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Domestic Violence

Chilling and disturbing incidences of family members turning against each other, as reported in the media, is a cause for great concern. Some of these incidences have resulted in serious injuries, or even death. ESTHER KIRAGU attempts to find answers to the cause of this wave of violence in our country.

In March this year, local media reported a classic case of horrific murder where a man from Nganaset village of Bureti District in Kericho County murdered his two sons with a power saw. Reports say the man accused his wife of more than 10 years of siring one of their children with another man.

His estranged wife told the media that she had just completed high school in 2001 when she met her husband. Their relationship blossomed and they got married the same year under customary law. They were blessed with a baby girl a year later and four more children, as the family expanded. But as the family struggled to bring up the children, her husband started questioning who was the biological father to one their children, hence the cause of a rift that cost the lives of their two children.

In another incident, a woman from Muhuru Bay, Nyatike sub-County is reported to have strangled her three-year-old daughter to death to save her marriage after a domestic quarrel with her husband over the child, born out of wedlock. Such reports of family members killing their loved ones seem to be replicated across the country.

Others include that of a woman who murdered her husband when they quarreled over a mobile phone sim card, and a man who killed his three-year-old child by hitting him with a stick on the head when he failed to hand over a plate of food. Or even the high profile murder early this year of Mukurweni member of parliament Kabado wa Kabado’s mother by his brother Caesar Thiari.

And children, too, have become the villains and not mere victims. In September 2014, police in Kitale arrested a 13-year-old-boy after allegedly killing his stepbrother after the two quarreled over who should sleep on their shared bed.

Stressful lifestyles…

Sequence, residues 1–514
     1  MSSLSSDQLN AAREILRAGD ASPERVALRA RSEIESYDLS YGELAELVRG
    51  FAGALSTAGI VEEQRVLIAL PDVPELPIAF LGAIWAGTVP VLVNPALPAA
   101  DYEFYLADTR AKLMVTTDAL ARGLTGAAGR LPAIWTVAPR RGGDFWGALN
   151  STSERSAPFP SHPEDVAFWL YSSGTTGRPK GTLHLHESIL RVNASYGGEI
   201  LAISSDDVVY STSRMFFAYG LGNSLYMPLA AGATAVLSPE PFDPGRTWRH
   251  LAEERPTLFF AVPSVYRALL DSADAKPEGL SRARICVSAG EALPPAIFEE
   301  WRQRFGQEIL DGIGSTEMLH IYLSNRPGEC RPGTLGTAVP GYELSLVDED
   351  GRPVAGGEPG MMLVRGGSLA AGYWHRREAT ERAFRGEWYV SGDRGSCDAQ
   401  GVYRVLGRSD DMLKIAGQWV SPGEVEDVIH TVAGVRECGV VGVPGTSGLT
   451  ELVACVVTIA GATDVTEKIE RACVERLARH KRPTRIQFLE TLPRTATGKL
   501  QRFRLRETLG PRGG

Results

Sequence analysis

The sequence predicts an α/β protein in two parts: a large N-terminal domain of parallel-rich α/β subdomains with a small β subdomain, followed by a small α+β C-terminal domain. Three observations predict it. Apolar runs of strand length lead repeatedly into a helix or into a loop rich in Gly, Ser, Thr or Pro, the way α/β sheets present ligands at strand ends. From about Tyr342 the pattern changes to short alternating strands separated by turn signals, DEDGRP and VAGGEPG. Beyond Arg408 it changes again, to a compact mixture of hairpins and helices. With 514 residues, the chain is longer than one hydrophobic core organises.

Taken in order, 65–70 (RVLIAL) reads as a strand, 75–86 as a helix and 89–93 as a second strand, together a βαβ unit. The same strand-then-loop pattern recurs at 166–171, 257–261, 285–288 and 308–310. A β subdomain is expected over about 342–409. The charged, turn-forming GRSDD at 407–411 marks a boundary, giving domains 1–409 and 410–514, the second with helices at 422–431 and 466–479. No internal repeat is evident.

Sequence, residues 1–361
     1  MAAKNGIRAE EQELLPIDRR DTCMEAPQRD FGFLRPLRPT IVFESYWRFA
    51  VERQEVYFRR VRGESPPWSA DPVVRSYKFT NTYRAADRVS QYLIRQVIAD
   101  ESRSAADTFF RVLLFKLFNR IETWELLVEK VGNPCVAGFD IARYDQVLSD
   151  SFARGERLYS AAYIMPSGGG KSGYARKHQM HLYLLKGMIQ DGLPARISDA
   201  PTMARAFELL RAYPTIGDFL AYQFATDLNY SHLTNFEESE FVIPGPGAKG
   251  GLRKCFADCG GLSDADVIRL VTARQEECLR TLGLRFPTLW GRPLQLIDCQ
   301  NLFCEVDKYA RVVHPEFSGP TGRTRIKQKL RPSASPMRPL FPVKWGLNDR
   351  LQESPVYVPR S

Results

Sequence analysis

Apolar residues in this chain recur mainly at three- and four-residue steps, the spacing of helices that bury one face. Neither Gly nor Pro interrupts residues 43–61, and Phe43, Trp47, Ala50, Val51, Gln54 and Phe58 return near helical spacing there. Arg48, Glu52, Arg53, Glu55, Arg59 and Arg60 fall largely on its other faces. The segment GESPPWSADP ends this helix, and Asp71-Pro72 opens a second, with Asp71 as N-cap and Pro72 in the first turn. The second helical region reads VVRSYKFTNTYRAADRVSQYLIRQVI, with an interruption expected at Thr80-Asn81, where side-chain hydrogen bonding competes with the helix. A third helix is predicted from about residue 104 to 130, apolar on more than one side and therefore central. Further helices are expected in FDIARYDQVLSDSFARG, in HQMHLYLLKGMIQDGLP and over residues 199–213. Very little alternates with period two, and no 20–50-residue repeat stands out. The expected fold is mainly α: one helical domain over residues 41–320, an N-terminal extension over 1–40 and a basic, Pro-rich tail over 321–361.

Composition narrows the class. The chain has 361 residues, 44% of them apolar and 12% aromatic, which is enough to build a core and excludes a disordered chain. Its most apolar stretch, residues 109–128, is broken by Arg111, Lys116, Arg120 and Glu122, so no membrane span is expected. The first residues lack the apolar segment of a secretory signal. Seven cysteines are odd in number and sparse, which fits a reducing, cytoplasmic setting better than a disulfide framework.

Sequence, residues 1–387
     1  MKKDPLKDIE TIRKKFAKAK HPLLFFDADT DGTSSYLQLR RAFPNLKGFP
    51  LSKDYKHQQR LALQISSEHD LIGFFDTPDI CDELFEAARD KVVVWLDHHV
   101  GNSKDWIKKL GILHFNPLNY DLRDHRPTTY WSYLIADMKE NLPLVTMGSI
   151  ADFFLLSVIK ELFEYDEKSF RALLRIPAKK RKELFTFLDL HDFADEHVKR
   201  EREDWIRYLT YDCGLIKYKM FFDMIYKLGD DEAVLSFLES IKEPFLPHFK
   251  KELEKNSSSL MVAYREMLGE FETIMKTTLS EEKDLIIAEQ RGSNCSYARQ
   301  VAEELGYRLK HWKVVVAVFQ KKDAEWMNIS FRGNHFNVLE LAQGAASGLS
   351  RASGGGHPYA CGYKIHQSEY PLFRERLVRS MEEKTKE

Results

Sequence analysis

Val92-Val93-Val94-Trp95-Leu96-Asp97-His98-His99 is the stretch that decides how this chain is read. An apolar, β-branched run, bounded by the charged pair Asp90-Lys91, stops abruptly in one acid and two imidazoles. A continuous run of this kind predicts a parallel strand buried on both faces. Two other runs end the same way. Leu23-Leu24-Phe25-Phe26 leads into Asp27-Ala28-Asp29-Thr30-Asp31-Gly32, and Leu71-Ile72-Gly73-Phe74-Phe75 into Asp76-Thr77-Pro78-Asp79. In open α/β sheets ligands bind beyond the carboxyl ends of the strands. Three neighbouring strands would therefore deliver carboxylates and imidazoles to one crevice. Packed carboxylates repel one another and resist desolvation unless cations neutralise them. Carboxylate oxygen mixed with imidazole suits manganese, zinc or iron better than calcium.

As many families today struggle with poverty, high cost of living and lack of job opportunities among other dire needs, some become quite desperate and result to all kinds of measures. It appears that poverty is more tied to violence and crime. For instance, one of the effects of poverty on children’s development is that it leads them to build anti-social behaviour. This pushes them to become aggressive and have little self-control in their reaction to stressful events. They rarely learn of constructive ways to deal with conflicts in their formative years and, therefore, these behaviours become entrenched in their personalities.

Research shows that children deal with stressful events in one of two ways – either by internalizing their emotions or by externalising them. Children who witness or experience violence within their environment get affected negatively. If a child internalizes his emotions after a traumatic experience, it can lead to the child developing depression or anxiety. Children may also externalise their frustration and confusion over the events they have gone through by partaking in delinquency and violent tendencies. They are also more likely to extend the abuse they experienced as children to their loved ones when they are older.

Experts also allude that violence within families is linked to today’s stressful lifestyles. Stress is a major problem for many people – a hectic and stressful job, a chaotic home life, bills to worry about, and bad habits such as unhealthy eating, drinking and smoking can all lead to a mountain of stress. As a result, many people are angry at life and each other. While anger is a natural emotion and a healthy response at times, hanging onto anger can be dangerous. Anger can eat one up inside and slowly wreck lives. Not only can it drive a wedge between a person and others, it can cause one to turn inward and against themselves.